There has been an uptake in scam calls and e-mails recently, especially on the back of the HSE cyber attack.
While the HSE has warned there is still a risk patient data will be published on the dark web.
However 96% of the almost 5,000 servers used by the HSE have been screened and protected.
Conor Pope is a consumer journalist with the Irish Times.
He told Lunchtime Live he received three scam calls himself last Friday - but he was happy to take them.
"I was delighted in a way, because I was listening to it and it was just so stupid.
"It was this plummy British accent telling me that my PPS number had revealed that I was involved in drug trafficking and money laundering - and that 'law enforcement' were on the way to arrest me.
"They don't give you a heads up, they don't say 'the police are coming'.
"And apart from anything else, it's Ireland - so we don't call them 'law enforcement', they're Guards.
"So a lot of the time they're not as bright as they might think they are.
"But the thing is if they hit 500,000 numbers, or if they send out a million spam e-mails, all they really need to make money is one, two or three people to be duped.
"They all have the same things: they always put real pressure on you, so they'd say 'You need to act now'.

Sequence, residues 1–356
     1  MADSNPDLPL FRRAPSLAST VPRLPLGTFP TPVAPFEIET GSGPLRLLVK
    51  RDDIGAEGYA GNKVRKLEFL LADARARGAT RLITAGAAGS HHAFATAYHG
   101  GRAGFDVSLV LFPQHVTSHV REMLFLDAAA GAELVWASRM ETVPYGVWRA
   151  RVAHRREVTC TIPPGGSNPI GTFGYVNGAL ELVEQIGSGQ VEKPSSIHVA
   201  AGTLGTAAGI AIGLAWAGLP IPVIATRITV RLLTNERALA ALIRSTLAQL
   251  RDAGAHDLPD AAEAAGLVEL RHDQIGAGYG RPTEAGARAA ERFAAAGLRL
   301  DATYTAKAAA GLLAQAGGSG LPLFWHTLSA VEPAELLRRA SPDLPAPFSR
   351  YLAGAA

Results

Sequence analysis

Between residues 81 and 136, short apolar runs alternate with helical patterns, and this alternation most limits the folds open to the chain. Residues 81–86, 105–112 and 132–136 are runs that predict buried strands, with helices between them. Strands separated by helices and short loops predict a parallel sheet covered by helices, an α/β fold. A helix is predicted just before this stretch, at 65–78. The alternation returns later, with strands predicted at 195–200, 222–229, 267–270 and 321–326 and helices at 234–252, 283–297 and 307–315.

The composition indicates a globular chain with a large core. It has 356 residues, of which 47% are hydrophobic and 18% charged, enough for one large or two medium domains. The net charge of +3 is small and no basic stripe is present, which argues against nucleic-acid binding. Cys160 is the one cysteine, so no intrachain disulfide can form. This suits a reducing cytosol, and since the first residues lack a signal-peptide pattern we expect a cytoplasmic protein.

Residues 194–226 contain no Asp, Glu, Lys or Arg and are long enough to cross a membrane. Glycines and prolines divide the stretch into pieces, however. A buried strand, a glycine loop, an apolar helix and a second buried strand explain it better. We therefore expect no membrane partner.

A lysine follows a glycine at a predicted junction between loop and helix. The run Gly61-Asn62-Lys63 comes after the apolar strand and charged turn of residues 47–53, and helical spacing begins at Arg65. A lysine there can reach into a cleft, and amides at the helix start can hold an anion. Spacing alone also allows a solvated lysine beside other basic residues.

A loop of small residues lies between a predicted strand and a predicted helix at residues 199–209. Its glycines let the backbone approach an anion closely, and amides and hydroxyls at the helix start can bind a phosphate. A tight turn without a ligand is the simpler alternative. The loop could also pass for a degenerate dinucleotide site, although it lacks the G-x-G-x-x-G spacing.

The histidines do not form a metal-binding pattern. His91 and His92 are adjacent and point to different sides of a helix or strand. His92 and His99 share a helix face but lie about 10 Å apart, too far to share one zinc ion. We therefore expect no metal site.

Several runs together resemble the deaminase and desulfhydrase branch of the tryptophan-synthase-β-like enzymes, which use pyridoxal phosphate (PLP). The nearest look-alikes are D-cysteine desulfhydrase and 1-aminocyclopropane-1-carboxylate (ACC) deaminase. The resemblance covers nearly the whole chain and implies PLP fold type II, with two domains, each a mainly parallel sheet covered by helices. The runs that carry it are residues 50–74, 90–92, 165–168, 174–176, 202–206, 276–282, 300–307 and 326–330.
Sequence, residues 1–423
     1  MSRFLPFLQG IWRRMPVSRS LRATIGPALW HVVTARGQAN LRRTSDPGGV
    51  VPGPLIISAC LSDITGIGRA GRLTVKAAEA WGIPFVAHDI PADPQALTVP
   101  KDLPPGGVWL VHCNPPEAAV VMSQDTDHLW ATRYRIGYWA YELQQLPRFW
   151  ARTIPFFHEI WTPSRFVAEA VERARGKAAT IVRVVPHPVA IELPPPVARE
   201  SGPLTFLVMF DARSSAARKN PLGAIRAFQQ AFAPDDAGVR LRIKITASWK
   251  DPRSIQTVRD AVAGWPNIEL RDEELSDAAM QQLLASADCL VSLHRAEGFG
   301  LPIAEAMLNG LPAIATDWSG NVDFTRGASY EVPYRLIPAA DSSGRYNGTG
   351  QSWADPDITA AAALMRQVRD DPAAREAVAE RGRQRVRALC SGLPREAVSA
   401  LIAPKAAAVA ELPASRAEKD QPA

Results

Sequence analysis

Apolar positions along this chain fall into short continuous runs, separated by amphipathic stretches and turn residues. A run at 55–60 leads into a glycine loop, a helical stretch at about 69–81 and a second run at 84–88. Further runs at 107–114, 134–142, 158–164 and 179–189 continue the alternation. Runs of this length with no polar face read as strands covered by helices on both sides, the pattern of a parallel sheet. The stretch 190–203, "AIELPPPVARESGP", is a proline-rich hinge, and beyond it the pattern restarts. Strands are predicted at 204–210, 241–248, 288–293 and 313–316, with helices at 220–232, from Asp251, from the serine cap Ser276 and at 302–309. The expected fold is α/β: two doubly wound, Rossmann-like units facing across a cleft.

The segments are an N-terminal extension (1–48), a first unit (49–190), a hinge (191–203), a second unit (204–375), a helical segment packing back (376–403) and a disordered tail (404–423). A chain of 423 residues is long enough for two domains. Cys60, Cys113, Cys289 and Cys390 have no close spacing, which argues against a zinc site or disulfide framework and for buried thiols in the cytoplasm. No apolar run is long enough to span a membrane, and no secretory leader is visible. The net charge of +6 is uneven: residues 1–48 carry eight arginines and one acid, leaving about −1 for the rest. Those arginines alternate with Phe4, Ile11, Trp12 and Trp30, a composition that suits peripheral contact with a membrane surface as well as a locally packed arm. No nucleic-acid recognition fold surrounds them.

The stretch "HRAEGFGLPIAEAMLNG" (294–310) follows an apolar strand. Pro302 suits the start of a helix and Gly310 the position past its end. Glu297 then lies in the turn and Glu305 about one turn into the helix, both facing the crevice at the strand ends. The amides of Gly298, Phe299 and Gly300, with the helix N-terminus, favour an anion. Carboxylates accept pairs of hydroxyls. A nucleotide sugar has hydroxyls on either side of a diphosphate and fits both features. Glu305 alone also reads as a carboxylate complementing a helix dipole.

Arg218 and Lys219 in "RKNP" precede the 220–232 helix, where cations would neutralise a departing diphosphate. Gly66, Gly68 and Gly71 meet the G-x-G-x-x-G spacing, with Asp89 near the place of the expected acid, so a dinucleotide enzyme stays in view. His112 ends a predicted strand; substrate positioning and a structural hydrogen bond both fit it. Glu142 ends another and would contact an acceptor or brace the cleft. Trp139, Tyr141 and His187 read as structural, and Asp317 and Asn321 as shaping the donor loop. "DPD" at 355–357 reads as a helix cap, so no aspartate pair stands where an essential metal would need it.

"The vast majority of times these guys are clowns, they're just stupid and they're just trying to exploit vulnerable people - and I think that's what's most troubling about it".
'Handing over control'
Conor said even though the scammers may have nothing to do with the cyber attack, they will still try to exploit the situation.
"It's a huge, huge problem and the problem is only going to get worse.
"But I think what's even more sinister is the criminals are getting way more astute, and much better at exploiting particular situations."
He said, as an example, there were several Brexit-related text scams about delivery charges around the time Britain left the EU.
"If you do the wrong things, and it's very simple to do the wrong things here, particularly if you're not really paying too much attention.
"If you do the wrong things, you effectively hand over control of your device to the criminals.
"And we live our lives on our phones now: we have all of our communications on the phone, we have our banking details, we have contactless payments and all the rest.
"Every step of the way, the criminals are constantly watching what's happening in our world.
"So the criminals that are executing these scams, they will be very aware of the ransomware attack on the HSE.
"Now they have absolutely nothing to do with the ransomware attack on the HSE, but what they will be doing is they will be exploiting the fear that people have that their data has been compromised."